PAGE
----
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Effect of EMT on Advanced Multiple Sclerosis

Multiple sclerosis (MS) is a primary disorder of the central nervous system that can affect motor pathways and cause muscle weakness. If respiratory pathways are affected, respiratory muscle weakness contributes to poor cough performance, which can lead to aspiration, pneumonia and ventilatory failure.

After establishing the respiratory and pulmonary status of advanced MS patients, expiratory muscle training (EMT) is tested for its effect on respiratory muscle function, forced vital capacity (FVC) and cough efficacy.

  • In multiple sclerosis, respiratory pathways are often affected, leading to respiratory muscle weakness and inefficient cough function.
  • Impaired cough performance increases the risk of aspiration, pneumonia and ventilatory failure.
  • Respiratory muscle weakness and inefficient cough contribute to increased morbidity and mortality in advanced MS patients.
  • Assessment of the pulmonary and functional status of advanced MS patients revealed significantly reduced respiratory muscle strength, pulmonary function, cough efficacy, and functional status.
  • 3 months of respiratory muscle training (RMT) significantly improved cough efficacy and slightly increased respiratory muscle strength in MS patients.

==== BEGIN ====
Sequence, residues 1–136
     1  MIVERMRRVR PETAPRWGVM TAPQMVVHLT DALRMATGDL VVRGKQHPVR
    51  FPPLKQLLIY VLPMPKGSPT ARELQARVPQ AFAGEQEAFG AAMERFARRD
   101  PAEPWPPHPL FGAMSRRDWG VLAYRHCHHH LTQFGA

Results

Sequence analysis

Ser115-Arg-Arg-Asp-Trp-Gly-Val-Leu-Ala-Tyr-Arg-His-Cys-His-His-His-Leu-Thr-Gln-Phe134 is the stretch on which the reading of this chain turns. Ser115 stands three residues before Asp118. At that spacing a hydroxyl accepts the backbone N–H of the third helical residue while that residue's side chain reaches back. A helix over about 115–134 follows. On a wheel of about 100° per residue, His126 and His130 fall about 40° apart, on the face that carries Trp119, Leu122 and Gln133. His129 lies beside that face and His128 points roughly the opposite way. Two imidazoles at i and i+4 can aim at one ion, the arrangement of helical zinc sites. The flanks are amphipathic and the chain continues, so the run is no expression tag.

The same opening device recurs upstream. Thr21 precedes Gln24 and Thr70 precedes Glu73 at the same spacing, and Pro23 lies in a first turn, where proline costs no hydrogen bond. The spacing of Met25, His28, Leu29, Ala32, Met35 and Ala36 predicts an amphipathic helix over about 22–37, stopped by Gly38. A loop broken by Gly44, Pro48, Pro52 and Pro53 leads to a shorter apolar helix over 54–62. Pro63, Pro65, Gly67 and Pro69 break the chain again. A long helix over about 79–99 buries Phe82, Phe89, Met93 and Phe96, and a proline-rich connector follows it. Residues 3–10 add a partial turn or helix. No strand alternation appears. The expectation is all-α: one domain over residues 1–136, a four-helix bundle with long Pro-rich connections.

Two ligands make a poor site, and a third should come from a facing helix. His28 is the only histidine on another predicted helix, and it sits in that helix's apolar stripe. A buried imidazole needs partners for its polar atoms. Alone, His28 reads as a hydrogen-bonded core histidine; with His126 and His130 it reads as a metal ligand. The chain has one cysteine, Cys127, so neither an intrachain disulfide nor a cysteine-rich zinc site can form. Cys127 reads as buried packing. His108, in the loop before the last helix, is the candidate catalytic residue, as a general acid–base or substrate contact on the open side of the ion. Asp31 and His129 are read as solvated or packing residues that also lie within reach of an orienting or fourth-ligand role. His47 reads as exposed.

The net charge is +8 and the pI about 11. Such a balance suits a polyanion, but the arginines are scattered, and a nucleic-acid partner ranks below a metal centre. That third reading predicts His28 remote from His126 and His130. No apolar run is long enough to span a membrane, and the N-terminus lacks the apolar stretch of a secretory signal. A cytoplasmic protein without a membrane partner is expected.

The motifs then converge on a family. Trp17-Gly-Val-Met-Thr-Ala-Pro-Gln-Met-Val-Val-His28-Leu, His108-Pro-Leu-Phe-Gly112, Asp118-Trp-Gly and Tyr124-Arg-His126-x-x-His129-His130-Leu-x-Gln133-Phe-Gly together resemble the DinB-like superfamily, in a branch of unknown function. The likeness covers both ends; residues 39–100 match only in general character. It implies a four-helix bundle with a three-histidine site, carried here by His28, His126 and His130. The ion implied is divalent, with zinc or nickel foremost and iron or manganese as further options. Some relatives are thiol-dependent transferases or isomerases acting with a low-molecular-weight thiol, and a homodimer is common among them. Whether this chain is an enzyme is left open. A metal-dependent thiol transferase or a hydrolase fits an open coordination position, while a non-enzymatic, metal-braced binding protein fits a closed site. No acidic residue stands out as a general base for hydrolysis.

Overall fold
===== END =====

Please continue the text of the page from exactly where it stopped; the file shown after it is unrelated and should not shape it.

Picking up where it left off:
• RMT effectively improves cough efficacy in advanced MS patients, reducing the risk of aspiration, pneumonia and respiratory failure.

Methods

This study in two parts first examines the pulmonary function, cough efficacy, functional status, and respiratory muscle strength in 28 bedridden or wheelchair-bound MS patients, and analyzes correlation between the outcomes. Outcomes include FVC, pulmonary index (PI, cough efficacy)), extended disability status scale (EDSS), maximum inspiratory pressure (PImax), maximum expiratory pressure (MEP), and neck flexion strength.

In part two, PImax, PEmax, PI, and FVC were assessed before and after 3 months of EMT in 21 bedridden or wheelchair-bound MS patients.

Study Results

The first part of the study revealed that FVC, PI, cough efficacy, PImax, and PEmax were severely reduced in MS patients. Significant correlations were observed between PEmax and cough efficacy, functional status and FVC.

EMT resulted in significantly improved PI, and increased PImax and PEmax (not significant). The effect on PI was still observed after 3 months.

Conclusion

Patients with advanced MS have severely reduced pulmonary function and respiratory strength. Respiratory muscle training significantly improves immediate and long-term cough efficacy.

References

Gosselink R, et al. Respiratory muscle weakness and respiratory muscle training in severely disabled multiple sclerosis patients. Arch Phys Med Rehabil. 2000 Jun;81(6):747-51.

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